University of Virginia School of Nursing
3 in 4 cancer deaths occur in developing countries, but places like Nepal are home to growing numbers of cancer patients who suffer untreated pain due to the scarcity of pain meds, like morphine.

An icon of a clipboard to signify scholarship in symptom science. Lower income countries increasingly face two troubling, but related problems: exploding rates of patients with advanced cancer and an alarming scarcity of pain medicine to relieve their suffering.

With growing industrialization, countries like Nepal are home to increasing populations of people ravaged by late-stage cancer due to a lack of primary care and screening, the stigma and fear that a cancer diagnosis carries, and driving issues, like geography, access, and poverty.

“In lower-income countries, roughly 70 percent of patients are first diagnosed with late stage cancer and have critical pain needs,” said Virginia LeBaron, an assistant professor of nursing who first developed partnerships with Nepalese oncologists in 2004. “Seeing the suffering that results when pain medicine is unavailable was life-changing, and got me really thinking about why that is – and how the situation can be improved.”


percentage of low-income countries' cancer patients who experience critical levels of unchecked pain

With a two-year, $350,000 National Institutes of Health Fogarty grant, LeBaron and co-investigator Rebecca Dillingham, director of the Center for Global Health, will partner with Nepalese clinicians to develop and pilot-test a mobile application for use at the bedside to augment clinicians’ knowledge of pain relief protocols.

In addition, the app will identify barriers to pain relief that clinicians and patients may experience – an inability to source medicines, or get to a pharmacy where they’re available, for example. Testing at four diverse sites – a rural hospital, a government-run urban hospital serving the poor, a private hospital tending wealthier patients, and a hospice facility in suburban Katmandu – LeBaron, Dillingham, and their Nepalese partners will modify the technology so it’s scalable, flexible, and able to be expanded for use in other low-resource, high-need countries where there’s a dearth of palliative care knowledge and pain medicines.

Worldwide, between 60 and 90 percent of cancer patients experience moderate to severe pain, a reality that can be exacerbated by stringent government restrictions, import, and production rules, and worries about addiction, diversion, and misuse of narcotics. Too, international narcotics control boards that dictate which and how many opioids are allowed in a country tend to be based on consumption figures for the prior year, which can create a continuous cycle of inaccessibility.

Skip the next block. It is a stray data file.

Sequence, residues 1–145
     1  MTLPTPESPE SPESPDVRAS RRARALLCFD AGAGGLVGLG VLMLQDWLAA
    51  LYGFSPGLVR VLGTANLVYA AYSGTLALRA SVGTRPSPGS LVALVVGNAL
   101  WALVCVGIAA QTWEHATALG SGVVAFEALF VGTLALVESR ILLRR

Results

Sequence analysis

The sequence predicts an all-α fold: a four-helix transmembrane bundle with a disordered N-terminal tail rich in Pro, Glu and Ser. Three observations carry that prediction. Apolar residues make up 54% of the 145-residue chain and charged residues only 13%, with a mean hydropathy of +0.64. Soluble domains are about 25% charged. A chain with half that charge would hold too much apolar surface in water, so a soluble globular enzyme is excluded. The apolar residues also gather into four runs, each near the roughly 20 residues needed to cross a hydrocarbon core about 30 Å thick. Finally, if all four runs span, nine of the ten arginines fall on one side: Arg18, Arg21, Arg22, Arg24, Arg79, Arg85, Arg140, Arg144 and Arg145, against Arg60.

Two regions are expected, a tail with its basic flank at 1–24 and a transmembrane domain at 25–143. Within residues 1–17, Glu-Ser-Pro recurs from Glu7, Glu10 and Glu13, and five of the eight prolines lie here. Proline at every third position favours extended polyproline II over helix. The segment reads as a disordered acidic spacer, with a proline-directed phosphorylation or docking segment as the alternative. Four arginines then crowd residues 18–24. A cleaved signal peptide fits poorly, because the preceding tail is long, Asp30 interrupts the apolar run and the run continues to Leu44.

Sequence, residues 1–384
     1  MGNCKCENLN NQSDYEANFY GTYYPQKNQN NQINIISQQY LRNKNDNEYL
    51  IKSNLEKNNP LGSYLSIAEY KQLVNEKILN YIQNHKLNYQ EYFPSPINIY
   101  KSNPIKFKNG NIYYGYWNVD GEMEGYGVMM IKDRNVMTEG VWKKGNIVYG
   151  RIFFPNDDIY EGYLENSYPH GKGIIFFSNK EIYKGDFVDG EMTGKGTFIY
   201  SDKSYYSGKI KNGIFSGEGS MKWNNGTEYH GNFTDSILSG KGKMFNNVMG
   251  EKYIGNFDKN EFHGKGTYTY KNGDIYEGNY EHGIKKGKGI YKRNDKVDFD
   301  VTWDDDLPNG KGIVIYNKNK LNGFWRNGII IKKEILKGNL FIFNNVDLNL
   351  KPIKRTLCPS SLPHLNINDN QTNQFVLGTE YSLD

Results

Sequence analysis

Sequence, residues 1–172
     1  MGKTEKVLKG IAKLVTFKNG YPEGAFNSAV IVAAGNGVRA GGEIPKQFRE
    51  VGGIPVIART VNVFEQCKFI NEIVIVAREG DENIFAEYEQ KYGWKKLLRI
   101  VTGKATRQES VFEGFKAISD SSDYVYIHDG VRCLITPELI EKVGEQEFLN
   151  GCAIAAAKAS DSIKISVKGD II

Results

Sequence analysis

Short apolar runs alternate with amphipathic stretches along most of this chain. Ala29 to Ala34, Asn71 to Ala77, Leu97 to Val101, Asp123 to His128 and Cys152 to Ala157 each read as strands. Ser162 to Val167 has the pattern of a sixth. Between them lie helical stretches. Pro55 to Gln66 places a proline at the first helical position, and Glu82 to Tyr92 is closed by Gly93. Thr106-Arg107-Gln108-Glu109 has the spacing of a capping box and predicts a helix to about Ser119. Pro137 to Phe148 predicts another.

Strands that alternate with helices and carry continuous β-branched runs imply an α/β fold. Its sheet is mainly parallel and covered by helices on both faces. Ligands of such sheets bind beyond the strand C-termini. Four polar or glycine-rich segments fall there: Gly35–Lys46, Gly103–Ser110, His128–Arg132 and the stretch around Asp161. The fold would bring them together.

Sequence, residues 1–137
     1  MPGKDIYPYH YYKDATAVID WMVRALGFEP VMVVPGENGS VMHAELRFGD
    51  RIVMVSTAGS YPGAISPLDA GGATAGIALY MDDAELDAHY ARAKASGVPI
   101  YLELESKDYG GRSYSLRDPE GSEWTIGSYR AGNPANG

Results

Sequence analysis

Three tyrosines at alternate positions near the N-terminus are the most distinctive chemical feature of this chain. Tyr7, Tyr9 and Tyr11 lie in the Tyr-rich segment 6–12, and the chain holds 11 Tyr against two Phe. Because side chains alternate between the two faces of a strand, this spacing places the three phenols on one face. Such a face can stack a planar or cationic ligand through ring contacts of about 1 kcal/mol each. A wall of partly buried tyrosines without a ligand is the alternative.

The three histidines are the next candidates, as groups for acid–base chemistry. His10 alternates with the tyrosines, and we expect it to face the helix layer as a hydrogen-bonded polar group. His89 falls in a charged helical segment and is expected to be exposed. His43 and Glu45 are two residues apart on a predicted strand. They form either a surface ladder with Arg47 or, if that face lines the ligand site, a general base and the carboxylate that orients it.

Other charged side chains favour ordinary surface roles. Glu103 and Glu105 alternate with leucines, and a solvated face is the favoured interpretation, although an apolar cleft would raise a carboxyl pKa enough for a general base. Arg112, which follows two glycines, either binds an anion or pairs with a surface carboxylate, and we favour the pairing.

“So if a country’s consumption of opioids is consistently low, its estimates for the following year are also low, and the lack of access to pain relief presents itself year after year,” LeBaron explained.

In some ways, Nepal is better off than most. Founded in 2009, the Nepalese Association for Palliative Care (NAPCare) established guidelines for managing pain based on recommendations from the World Health Organization, and has worked tirelessly to improve access to pain relief within the country. The NAPCare pain protocols haven’t been widely distributed, however, which means many clinicians are still without the information they need to treat cancer patients’ pain.

Working closely with Nepalese oncologists, site leaders, and clinical investigators, the proposed app - initially developed for a smart phone - will leverage locally developed pain management guidelines specifically tailored for cancer care settings in Nepal. The ultimate goal is to use the pain app for Nepalese clinicians as a model that can be replicated in other lower resource settings and countries.

Because of the unique focus on the NIH's Fogarty grant, LeBaron and Dillingham will not be leading the charge so much as walking alongside their collaborators, forging change based on partnership, not power.

“This grant isn’t meant for researchers from the U.S. to come in and do what they think is best,” explained LeBaron. “It’s about working collaboratively from the very beginning to identify local priorities and then to support and mentor research that is relevant to the community, so we can truly say: this is meaningful.  This is sustainable.”